I Know a Man Who Can

A short while ago warning lights sprang up on my car’s dash, just an hour into a ten-hour journey.    The engine was still running fine, as far as I could tell, but I didn’t fancy ignoring the warning as that situation could easily change.  So I called the manufacturer’s support line and was put through to the AA (the UK’s Automobile Association, that is)! Continue reading

Seven Deadly Sins

Well, not so much sins as diseases – the seven deadly diseases described by W. Edwards Deming.  In these, he tried to explain why things go wrong and, to me, appreciating this is fundamental to any attempts at improvement.  I’ve already said I’m not a great fan of published programmes – they may have been successful elsewhere but, unless you understand the problems where you are, you can end up slavishly following steps that just don’t address the real need.  Understand the situation you are in and them decide what needs to be done. Continue reading

ServQual Gap 5

We now come to the gap that most people familiar with ServQual think of – the measure of customer satisfaction (and the main reason for applying the model).  This gap considers the difference between the customer’s expectation and his (or her) perception of the actual service received. Putting it simply, if the customer thinks the service was as good as expected, he will be satisfied; if not, he’ll not. Continue reading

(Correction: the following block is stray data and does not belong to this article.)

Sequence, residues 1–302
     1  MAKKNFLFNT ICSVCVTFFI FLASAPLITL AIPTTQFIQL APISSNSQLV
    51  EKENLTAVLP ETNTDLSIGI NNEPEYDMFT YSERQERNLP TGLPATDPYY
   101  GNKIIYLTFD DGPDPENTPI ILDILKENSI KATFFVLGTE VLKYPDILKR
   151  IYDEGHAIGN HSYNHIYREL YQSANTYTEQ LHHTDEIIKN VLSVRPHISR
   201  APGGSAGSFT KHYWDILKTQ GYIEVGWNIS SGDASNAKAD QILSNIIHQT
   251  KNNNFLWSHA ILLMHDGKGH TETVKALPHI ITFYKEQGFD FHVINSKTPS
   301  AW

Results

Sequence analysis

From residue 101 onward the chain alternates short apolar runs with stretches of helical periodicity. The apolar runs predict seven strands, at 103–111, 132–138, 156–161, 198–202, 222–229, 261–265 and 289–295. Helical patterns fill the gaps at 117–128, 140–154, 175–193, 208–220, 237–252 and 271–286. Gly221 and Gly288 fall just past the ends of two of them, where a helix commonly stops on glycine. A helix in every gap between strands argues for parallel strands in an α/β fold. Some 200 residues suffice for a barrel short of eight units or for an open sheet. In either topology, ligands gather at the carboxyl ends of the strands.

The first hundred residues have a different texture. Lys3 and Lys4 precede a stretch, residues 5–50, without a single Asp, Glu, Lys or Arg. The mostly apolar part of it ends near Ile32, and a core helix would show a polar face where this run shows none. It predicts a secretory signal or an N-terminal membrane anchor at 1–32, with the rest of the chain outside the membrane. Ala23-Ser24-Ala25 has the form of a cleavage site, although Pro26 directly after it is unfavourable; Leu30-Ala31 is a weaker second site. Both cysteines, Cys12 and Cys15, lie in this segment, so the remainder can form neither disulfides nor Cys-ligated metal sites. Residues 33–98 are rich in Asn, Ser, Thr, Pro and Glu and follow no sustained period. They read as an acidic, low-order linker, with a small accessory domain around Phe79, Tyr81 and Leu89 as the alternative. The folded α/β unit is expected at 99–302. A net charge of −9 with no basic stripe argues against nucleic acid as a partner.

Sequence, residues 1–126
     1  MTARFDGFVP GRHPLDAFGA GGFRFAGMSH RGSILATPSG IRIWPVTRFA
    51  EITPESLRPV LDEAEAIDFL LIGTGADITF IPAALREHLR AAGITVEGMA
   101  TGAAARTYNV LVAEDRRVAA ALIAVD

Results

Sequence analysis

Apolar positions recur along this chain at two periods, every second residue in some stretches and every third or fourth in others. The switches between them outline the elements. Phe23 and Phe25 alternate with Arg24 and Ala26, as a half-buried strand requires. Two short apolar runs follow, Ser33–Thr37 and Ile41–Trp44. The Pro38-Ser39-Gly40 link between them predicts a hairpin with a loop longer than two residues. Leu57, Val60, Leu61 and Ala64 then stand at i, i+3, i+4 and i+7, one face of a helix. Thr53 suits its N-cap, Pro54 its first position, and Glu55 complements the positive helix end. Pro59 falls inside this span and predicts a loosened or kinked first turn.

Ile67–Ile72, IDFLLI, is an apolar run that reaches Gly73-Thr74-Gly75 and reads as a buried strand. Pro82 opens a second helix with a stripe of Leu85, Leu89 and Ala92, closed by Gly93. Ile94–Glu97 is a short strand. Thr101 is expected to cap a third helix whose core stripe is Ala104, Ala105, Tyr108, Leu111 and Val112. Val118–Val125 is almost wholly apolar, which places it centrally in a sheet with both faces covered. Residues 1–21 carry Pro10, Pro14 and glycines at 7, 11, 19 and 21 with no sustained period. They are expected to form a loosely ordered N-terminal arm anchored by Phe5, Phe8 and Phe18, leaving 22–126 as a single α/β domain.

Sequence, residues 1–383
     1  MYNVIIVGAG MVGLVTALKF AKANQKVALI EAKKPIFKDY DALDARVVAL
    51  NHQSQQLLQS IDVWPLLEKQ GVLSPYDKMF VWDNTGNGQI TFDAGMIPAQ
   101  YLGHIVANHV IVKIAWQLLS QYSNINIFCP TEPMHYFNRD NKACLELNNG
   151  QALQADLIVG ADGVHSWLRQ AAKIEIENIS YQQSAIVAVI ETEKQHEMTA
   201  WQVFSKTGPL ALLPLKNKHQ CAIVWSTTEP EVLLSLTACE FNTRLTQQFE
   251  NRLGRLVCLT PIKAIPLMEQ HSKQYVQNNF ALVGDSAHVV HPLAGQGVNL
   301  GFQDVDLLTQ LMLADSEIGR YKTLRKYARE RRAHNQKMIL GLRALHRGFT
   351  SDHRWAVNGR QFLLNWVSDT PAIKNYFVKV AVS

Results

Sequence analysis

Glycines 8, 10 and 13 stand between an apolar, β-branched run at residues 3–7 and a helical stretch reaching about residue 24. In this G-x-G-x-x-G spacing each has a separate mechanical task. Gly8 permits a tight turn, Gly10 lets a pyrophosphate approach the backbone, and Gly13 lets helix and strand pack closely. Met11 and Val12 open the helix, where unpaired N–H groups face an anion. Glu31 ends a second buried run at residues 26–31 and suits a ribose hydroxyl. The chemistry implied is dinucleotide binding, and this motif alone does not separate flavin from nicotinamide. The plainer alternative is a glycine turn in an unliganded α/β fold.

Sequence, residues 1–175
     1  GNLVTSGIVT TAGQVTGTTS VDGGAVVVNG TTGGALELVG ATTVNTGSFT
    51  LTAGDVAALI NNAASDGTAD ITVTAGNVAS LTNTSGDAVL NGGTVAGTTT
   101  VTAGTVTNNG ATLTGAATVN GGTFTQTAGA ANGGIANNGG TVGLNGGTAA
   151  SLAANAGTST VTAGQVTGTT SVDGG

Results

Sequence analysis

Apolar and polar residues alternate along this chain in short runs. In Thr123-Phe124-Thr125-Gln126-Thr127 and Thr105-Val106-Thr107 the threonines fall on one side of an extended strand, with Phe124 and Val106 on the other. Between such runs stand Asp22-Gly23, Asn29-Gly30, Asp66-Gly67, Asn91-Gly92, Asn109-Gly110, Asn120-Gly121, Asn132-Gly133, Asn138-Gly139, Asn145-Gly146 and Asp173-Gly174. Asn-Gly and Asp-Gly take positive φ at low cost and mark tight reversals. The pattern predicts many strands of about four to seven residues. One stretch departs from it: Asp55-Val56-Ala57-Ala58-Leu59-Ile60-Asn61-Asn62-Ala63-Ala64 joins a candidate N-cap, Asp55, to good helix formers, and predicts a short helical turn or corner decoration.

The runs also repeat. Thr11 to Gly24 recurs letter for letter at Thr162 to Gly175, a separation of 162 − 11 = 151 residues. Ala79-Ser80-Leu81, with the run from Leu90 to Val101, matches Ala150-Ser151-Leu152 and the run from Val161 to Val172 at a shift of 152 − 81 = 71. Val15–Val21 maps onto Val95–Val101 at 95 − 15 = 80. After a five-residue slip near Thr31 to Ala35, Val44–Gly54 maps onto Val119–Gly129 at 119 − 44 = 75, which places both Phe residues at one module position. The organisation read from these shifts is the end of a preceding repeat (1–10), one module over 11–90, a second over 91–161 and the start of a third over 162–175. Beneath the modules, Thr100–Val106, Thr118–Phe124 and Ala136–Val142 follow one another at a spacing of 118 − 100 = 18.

ServQual Gap 4

It’s easy to say yes to customers; say no and they’ll go elsewhere – so agree first and figure out the problems later.  It’s also easy to promise much in advertising literature.  However, what you tell your customers sets up their expectations of what they’ll get.  Gap 4 is the one between what you say you can do and what you can actually do: over-promising and under-delivering. Continue reading

ServQual Gap 1

Businesses are meant to be directed by the most senior management – that’s why, the UK for example, they’re called directors.  These are the folk whose job is to decide mission, policies and direction of an organisation.  They may be appointed by the shareholders but, unless the organisation has just a small number of shareholders, and shareholders who are in close contact with each other, the directors set the direction; if shareholders don’t like it, they find directors whose direction they like. Continue reading